Complexation of Copper(II) with Carbonate Ligands in Aqueous Solution as studied by Electron Paramagnetic Resonance (EPR)

P. M. Schosseler Lab. for Physical Chemistry, ETHZ, CH-8092 Zürich, Switzerland

A. Schweiger Lab. for Physical Chemistry, ETHZ, CH-8092 Zürich, Switzerland

B. Wehrli EAWAG, Limnological Research Center, CH-6047 Kastanienbaum, Switzerland

The mineral phase calcite (CaCO3) is a main component in the sediments of biologically productive freshwater lakes. The growth of calcite crystals involves the adsorption of calcium and carbonate ions to the crystal surface. Stable surface complexes are most likely to be formed at surface irregularities such as kinks and steps. The presence of other ions may lead to the incorporation of these ions into the crystal lattice as in the case of manganese and copper, or to the inhibition of the calcite crystal growth (e.g. magnesium). Both processes involve substitution of calcium by these ions at the surface complexation sites (Stumm, 1992).

In this study we use continuous wave (CW) and pulsed EPR methods in order to obtain information about the coordination structure of metal ions adsorbed on calcite surfaces (Möhl et al., 1990). As a first step the complexation of Cu(II) with 13C labelled carbonate and bicarbonate ligands in aqueous solution has been investigated. As expected from simulations, different metal-carbonate species are found, depending on the pH and the composition of the solution. The hyperfine couplings between the unpaired electron of the Cu(II) ion and the surrounding 13C and proton nuclei provide strucural and electronic information about the complexes: monodentate bonding with the bicarbonate ligands shows only weak isotropic and dipolar coupling to the 13C nuclei and can take place both at equatorial and axial sites of the distorted octahedral coordination structure. The carbonate ions are found to form bidentate complexes in the equatorial plane; the larger coupling constants reflect the delocalization of spin density from the Cu(II) ion over the s and p bonds to the 13C nuclei.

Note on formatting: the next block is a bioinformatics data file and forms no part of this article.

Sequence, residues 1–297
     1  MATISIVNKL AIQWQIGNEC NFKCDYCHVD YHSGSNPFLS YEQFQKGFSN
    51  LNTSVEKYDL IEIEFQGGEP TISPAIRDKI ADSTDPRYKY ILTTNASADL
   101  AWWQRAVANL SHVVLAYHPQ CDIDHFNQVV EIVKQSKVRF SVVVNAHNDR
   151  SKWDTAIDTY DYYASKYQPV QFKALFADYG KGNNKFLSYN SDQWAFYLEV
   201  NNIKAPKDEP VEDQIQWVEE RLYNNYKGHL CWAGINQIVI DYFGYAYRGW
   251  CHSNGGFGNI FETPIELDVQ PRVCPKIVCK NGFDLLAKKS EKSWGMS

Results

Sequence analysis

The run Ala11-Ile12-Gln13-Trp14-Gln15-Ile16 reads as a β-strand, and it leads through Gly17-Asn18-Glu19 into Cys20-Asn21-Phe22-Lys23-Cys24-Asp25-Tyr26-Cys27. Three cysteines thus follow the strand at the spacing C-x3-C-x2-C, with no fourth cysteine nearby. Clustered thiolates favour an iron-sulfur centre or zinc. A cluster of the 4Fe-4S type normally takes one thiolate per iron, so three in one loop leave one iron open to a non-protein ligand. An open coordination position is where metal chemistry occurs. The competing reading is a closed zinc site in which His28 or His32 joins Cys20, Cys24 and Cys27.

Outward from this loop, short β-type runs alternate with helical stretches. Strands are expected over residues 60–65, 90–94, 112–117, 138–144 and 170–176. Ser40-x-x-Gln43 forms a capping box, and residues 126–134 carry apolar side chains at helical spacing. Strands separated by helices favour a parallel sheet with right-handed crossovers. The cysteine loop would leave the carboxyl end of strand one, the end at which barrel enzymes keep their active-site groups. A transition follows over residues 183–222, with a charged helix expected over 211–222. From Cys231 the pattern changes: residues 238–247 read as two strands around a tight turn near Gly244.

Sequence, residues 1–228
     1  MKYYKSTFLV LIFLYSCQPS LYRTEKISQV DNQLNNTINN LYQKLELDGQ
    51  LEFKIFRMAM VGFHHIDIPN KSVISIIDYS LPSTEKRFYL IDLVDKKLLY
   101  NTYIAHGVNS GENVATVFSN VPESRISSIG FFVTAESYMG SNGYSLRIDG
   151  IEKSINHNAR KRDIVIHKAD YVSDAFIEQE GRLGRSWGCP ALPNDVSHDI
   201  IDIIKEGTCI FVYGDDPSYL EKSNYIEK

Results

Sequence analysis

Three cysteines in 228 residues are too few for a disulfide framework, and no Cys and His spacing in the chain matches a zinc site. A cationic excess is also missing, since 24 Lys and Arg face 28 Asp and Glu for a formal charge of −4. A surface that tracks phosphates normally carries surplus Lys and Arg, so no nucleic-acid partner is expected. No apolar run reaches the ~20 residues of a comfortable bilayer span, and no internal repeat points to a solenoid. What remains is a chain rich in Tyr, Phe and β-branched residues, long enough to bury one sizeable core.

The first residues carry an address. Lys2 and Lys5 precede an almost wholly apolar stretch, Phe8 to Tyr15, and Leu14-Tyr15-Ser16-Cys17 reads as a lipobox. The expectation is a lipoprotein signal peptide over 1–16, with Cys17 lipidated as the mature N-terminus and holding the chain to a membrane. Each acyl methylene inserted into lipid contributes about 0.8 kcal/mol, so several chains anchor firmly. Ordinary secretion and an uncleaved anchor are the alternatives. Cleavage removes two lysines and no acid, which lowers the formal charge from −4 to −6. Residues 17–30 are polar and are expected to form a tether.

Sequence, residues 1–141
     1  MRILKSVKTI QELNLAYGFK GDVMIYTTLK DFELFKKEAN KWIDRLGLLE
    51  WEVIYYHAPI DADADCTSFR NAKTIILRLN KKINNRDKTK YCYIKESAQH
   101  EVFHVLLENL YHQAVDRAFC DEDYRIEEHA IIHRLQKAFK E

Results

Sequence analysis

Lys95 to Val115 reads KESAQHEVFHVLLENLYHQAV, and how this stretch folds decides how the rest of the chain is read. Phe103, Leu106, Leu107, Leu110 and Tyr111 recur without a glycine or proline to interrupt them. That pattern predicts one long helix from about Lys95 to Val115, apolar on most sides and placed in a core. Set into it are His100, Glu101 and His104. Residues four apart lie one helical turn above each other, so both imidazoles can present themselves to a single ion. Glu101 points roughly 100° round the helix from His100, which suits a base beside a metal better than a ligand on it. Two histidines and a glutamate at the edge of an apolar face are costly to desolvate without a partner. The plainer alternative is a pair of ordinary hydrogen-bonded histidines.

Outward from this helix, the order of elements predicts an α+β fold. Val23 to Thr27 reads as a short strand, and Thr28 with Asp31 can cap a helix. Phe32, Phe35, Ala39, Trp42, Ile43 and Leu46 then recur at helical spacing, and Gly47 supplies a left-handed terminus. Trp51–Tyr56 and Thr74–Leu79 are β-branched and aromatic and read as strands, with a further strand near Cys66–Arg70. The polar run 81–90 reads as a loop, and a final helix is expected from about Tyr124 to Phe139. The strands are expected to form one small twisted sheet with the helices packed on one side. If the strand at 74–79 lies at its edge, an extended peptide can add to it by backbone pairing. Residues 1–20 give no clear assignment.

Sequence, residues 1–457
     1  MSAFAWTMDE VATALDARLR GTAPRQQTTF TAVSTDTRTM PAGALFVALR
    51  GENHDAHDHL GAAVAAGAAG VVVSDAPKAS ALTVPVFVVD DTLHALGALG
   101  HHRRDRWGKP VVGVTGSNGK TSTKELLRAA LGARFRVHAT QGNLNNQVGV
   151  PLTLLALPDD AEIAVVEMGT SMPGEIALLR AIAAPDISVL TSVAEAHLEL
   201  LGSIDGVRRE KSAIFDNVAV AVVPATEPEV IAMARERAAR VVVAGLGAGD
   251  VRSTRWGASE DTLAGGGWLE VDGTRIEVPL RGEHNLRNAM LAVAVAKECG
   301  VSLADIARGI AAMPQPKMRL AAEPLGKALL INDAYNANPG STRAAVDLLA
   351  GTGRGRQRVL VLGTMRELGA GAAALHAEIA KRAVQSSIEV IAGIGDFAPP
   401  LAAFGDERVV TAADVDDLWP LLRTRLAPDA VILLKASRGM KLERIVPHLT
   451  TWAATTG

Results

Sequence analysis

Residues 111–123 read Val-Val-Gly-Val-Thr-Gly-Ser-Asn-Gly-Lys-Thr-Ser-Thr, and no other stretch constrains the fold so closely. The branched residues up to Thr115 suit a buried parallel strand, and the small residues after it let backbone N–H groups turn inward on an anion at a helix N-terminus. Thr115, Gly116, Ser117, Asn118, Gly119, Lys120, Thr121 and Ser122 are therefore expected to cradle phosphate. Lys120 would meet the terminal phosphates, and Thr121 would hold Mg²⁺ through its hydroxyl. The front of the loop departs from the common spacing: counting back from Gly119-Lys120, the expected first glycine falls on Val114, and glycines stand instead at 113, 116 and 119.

The Cu(II)-carbonate complexes in solution serve as model compounds for the investigation of the adsorption of Cu(II) on the calcite crystal surface. The speciation of the carbonate surface depends on pH and solution composition and the Cu(II) ions are expected to form different complexes , depending on the available carbonate surface ligands (Van Cappellen et al., 1993). Structural characterization of these surface complexes by EPR will give insight on a molecular level into the mechanisms and kinetics of crystal growth and growth inhibition.


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Van Cappellen, P., Charlet, L., Stumm, W. & Wersin, P., Geochim. Cosmochim. Acta 57, 3505-3518 (1993).